A new-look Super Rugby competition began Saturday with two thrillers in South Africa won by home teams Western Stormers and 2016 and 2017 runners-up Golden Lions.
The southern hemisphere franchise championship has been trimmed from 18 teams to 15 to try and halt dwindling crowds and TV audiences and many lopsided matches.
Judged by the many empty seats at Ellis Park in Johannesburg and Newlands in Cape Town, many rugby supporters remain unconvinced that the leaner version will work.
But those who stayed away missed out as Stormers held off sustained pressure from the Argentine Jaguares to triumph 28-20 and Lions edged Coastal Sharks 26-19 in another tense tussle.
There was inevitable start-of-season rustiness, noticeably in the handling of the Jaguares and the scrumming of the Sharks, but the uncertainty of the outcomes compensated.
Lions and Springboks skipper and loose forward Warren Whiteley aptly summed up the first round fare when he said: "I was pleased with the result, but not our performance.
"We lacked rhythm. After putting three or four phases together, our moves often collapsed and that is something to work on."
However, the heroic manner in which the Lions repulsed a string of late Sharks surges toward the try-line thrilled the forward back in action after an eight-month injury lay-off.
"The character of the team came through in those dying minutes. We remained calm under intense pressure and that was a real positive."
A key factor for the Lions was their scrum dominance with the Sharks securing possession from only one of six put-ins during the opening half.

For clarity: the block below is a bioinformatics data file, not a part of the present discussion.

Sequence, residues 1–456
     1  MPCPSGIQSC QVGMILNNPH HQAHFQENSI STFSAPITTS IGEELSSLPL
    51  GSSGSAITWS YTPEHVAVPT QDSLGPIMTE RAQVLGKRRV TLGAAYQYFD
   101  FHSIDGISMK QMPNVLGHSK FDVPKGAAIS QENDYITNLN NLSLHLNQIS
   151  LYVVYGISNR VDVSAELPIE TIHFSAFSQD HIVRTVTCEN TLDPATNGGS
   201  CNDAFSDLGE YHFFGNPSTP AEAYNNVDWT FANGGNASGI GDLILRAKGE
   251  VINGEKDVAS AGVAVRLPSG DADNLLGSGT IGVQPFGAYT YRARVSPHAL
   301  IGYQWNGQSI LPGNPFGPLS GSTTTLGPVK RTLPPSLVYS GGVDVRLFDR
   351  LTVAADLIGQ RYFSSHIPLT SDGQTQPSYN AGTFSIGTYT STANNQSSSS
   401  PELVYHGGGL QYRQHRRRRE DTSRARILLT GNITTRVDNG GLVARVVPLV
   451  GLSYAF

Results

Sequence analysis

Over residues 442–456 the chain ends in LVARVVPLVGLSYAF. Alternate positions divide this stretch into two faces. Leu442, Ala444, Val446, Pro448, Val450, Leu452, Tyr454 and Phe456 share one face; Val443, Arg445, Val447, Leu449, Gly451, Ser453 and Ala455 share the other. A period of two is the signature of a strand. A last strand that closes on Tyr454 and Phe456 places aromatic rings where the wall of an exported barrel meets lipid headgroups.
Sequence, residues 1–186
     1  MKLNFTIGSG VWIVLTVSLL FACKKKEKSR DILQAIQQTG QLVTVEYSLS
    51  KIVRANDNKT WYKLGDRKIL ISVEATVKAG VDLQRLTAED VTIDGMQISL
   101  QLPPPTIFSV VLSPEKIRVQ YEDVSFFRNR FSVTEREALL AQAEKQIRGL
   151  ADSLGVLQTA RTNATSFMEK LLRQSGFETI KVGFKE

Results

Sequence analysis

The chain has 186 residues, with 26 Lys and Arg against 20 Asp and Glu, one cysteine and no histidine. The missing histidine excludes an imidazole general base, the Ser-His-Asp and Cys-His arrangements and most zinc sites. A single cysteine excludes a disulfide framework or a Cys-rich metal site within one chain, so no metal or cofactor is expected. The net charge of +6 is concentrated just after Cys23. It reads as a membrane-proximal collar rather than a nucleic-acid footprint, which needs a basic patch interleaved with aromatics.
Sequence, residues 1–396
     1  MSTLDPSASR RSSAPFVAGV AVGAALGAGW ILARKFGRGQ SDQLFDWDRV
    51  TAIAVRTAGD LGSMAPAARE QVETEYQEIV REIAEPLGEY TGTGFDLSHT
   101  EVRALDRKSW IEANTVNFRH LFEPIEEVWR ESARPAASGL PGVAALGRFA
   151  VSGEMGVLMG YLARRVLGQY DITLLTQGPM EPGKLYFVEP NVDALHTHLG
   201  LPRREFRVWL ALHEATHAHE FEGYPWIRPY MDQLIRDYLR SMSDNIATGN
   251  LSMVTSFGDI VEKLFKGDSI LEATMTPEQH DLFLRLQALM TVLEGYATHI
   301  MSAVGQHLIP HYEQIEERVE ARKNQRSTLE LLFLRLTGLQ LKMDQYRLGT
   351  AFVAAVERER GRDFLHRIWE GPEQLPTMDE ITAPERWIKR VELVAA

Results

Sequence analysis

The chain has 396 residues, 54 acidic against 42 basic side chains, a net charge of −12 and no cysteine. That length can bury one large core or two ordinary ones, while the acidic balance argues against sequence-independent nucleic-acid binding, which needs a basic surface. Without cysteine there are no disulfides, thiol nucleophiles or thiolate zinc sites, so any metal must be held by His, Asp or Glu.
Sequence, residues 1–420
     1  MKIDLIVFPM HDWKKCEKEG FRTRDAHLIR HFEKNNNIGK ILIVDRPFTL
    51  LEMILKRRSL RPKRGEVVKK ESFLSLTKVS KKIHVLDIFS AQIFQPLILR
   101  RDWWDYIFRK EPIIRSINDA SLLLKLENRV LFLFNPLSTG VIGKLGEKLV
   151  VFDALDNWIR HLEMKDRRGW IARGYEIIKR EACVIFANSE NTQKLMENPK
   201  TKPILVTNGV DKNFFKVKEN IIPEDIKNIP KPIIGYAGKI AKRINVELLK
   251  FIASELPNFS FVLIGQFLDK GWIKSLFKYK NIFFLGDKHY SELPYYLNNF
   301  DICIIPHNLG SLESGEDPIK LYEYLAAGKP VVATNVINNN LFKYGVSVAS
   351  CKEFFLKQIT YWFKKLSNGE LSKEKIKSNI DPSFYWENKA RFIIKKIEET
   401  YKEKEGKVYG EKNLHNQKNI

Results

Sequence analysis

Lions were less impressive in the line-outs, though, losing four and 2017 South African Rugby Player of the Year and hooker Malcolm Marx eventually took the safer short-throw route.
- 'Constantly back-pedalling' -
Sharks skipper and lock Ruan Botha admitted that being constantly pushed back and off the ball at scrums had a major impact on the result.
"You cannot build attacking momentum when constantly back-pedalling at scrums. Come Monday, we need to investigate what went wrong and fix the problem," he said.
Lions recovered from conceding an early try to lead 14-7 at half-time and the ultimately crucial score came just before the hour when flanker Kwagga Smith rolled over to dot down.
Springbok fly-half Elton Jantjies missed the conversion, and two other makeable shots, but it did not count against him in the end.
Stormers looked set to win easily when new wing Raymond Rhule scored 36 seconds into the second half for a 22-6 lead in 29-degree celsius (84 fahrenheit) heat.
But wing Emiliano Boffelli punished weak tackling to score and a penalty try brought the Buenos Aires outfit within five points 12 minutes from time.
Jaguares lost a scrum close to the tryline, though, and later a knock-on ended a promising move before fly-half Damian Willemse sealed their fate with a penalty.
Stormers and Lions secured four points for winning and Sharks one for losing by less than eight points.
The other 11 teams -- five from New Zealand, four from Australia and one from South Africa and Japan -- debut next weekend with title-holders Canterbury Crusaders hosting Waikato Chiefs.
Winners of the Australia, New Zealand and South Africa conferences secure quarter-finals places along with the five best-placed teams across the three mini-leagues.